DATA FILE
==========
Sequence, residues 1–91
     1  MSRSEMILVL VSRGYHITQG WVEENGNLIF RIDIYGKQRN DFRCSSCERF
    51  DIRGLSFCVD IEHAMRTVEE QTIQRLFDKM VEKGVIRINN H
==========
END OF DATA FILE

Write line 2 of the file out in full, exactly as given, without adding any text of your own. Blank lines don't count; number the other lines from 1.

     1  MSRSEMILVL VSRGYHITQG WVEENGNLIF RIDIYGKQRN DFRCSSCERF